NASA depiction of solar probe.

You think it’s hot on the Midway at the Iowa State Fair? A NASA space probe, designed in part at the University of Iowa, will be launched tomorrow morning on a mission to the sun.

U-I physicist Jasper Halekas, a co-investigator on the Parker Solar Probe, says his main experiment is focused on what’s known as the solar wind. “It’s ionized hydrogen and helium and electrons,” Halekas says. “Those compose what we call the solar wind which is this stream of hot plasma that flows out from the sun constantly at around a million miles an hour.”

Halekas’ helped to design SWEAP, which stands for Solar Wind Electrons Alphas and Protons. It’s housed in three clusters of instruments onboard the spacecraft. With a reflective heat shield comprised mostly of carbon foam, the compact car-sized probe is built to withstand the incredibly scorching heat of the sun.

Jasper Halekas

“We’ll get to about 25 times closer to the sun than the Earth is, which is about seven times closer than any human-made object has ever been before,” Halekas says. “In actual terms, that’s about four million miles.” By comparison, the closest planet to the sun, Mercury is about 36 million miles from the sun, so he says this probe will get “right in there.”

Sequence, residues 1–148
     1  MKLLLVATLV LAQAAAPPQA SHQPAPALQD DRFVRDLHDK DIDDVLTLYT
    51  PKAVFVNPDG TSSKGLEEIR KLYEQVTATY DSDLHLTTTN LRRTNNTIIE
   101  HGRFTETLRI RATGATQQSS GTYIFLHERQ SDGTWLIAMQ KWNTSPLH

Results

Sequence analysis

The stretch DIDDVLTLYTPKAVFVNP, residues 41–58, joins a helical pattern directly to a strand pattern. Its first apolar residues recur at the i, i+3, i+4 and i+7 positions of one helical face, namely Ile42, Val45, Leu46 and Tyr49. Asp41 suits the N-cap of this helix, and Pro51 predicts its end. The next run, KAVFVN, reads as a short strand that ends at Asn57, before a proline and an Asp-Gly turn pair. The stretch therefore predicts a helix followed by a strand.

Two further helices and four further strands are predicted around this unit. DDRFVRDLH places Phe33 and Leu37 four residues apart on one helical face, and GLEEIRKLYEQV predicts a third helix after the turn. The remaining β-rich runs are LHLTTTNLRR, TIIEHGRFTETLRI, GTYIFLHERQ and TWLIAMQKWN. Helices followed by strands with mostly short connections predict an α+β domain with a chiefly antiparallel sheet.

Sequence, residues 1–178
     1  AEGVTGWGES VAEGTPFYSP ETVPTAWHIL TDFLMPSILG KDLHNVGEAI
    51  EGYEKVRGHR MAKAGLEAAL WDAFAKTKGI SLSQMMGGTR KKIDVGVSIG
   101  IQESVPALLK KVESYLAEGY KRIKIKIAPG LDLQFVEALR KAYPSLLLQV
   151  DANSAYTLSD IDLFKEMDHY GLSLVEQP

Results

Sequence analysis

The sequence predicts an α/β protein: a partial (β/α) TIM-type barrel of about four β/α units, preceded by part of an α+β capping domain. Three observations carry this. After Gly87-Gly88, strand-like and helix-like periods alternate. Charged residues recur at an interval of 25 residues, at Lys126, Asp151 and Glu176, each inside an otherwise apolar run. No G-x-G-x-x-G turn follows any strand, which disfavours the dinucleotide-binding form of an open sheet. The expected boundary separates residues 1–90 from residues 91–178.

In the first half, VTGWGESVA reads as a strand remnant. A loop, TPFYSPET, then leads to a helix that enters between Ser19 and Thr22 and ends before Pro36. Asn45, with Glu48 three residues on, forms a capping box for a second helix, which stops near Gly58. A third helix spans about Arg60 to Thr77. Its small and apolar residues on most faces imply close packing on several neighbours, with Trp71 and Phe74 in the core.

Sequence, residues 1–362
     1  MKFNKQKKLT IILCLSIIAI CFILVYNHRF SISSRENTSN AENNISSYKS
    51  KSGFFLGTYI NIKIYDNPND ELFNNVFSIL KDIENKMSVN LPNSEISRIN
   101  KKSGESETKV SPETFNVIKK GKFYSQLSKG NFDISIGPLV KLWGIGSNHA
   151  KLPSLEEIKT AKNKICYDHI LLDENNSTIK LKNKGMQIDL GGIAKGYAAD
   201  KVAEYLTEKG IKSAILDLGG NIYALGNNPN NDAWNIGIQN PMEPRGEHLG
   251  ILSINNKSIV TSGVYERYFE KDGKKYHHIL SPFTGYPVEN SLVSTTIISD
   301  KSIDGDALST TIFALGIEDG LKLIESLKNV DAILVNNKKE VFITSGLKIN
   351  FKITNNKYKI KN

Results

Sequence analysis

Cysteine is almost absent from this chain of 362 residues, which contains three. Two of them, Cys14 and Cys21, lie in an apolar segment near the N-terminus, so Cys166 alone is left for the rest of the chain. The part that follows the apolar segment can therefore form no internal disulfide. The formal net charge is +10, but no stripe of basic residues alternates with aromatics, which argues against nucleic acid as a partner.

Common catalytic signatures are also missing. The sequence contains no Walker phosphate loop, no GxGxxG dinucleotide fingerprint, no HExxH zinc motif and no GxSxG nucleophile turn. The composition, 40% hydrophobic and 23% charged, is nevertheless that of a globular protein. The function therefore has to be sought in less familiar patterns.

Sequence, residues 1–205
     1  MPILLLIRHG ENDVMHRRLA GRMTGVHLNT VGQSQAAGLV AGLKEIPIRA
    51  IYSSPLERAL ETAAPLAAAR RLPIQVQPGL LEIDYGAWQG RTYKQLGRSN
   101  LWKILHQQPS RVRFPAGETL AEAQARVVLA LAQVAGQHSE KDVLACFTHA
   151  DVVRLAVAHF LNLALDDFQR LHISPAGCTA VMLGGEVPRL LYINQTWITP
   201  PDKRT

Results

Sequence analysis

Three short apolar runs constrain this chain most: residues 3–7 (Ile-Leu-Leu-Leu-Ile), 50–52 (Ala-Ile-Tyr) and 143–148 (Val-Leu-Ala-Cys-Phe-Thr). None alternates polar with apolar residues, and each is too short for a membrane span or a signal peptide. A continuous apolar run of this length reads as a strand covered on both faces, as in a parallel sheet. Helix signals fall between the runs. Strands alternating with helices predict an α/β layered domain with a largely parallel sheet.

The spacecraft will do a fly-by of our solar system’s second planet, Venus, in order to use its gravitational pull to “slingshot” the probe closer to the sun. “About two months into the mission, we do our first fly-by of Venus and about a month after that, only three months after launch, we do our first close pass of the sun,” Halekas says. “Then, over the course of seven more years, we do six more fly-bys of Venus and nudge ourselves closer and closer and closer into the sun.”

The front of the heat shield will have to withstand temperatures of around 2,500 degrees Fahrenheit. The cooling system is so amazingly efficient that the back of the spacecraft, in the shadow of the heat shield, will be below room temperature.

Launch of the solar probe is scheduled for about 2:30 AM/Central on Saturday from Cape Canaveral, Florida, atop a Delta IV Heavy rocket.

Audio: Matt Kelley interview with Halekas: 7:00.